See update in my previous Nikkor Zoom 43 to 86 post.
I have been doing a bit of research about the history of this lens and in an article (Linked) Nikon do acknowledge the limitations of this lens.
One of the really good things this lens has, is a very usable ‘Depth of Field‘ scale not seen on a lot of lenses today: In fact gone never to be seen again on the ‘G’ type….. !
Hummm…. Distortion is as bad as people say ! but for general use it’s probably ok – just no architectural images: I don’t want to hear it can be corrected in Lightroom !!! this is a film camera lens. Distortion like this is almost impossible to correct in the darkroom.
This is one of the last made, with a Sno: 1037665 which is an improved version. I wonder why Nikon thought it was ok, although the construction is of a very high standard which is missed with most of the AF lenses foisted on us these days.
Further reading about this lens.
In the Nikon article below, the operative word is “skilfully”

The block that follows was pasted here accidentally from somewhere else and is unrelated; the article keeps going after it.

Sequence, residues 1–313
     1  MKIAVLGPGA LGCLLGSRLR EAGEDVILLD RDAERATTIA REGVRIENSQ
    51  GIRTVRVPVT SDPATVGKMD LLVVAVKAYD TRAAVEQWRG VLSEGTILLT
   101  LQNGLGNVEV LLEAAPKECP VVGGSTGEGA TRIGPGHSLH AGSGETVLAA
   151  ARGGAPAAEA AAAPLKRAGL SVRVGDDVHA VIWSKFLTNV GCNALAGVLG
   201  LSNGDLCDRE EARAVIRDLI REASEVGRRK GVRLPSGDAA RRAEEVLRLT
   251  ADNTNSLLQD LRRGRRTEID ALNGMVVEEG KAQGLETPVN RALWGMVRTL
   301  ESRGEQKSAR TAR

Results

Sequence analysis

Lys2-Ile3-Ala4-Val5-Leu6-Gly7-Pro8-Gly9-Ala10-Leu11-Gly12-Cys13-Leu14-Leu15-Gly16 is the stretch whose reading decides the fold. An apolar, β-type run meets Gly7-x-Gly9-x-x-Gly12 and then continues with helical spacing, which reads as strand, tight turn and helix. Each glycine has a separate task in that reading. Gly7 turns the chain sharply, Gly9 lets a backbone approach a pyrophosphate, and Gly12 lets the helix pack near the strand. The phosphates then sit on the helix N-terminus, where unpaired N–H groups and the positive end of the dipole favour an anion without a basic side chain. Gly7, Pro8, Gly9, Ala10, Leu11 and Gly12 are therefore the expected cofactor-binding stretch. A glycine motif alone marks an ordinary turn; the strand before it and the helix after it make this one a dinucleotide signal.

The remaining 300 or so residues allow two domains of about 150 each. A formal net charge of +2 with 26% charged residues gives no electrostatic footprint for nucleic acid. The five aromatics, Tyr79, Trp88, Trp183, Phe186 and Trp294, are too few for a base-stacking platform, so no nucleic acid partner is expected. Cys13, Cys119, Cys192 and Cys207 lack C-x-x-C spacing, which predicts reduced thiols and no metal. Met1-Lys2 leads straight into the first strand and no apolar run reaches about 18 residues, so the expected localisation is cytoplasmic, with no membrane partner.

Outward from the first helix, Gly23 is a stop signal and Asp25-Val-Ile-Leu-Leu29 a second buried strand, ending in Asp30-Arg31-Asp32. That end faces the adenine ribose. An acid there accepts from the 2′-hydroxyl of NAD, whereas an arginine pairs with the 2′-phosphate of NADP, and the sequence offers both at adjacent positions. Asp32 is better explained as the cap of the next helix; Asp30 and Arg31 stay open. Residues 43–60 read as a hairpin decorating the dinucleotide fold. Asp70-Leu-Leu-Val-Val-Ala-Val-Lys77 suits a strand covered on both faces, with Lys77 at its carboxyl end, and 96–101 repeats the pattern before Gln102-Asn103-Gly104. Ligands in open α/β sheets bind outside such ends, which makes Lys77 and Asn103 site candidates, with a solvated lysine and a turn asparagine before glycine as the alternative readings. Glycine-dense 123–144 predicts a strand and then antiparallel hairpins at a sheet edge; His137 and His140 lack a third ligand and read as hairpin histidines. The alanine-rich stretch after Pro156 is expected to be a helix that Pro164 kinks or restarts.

Nikon in their Nikkor – The Thousand and One Nights series (very interesting for those who use Nikon) do acknowledge its limitations : http://www.nikkor.com/story/0004/
“While there is no denying that its performance does not match that of its contemporary fixed focal length lenses or the latest zoom lenses, the 43-86mm instigated the development of the whole standard zoom lens genre, and deserves our esteem as the lens which more than any other popularised the use of zoom lenses by allowing the man on the street to experience the convenience and joys of zoom photography. It is still an eminently usable lens which if used skilfully can provide a unique and evocative quality unattainable with today’s lenses.
This lens, with its trademark array of coloured, engraved lines indicating depth of field over the zoom range decorating the lens barrel, is definitely one of the great lens to bear the Nikkor name”.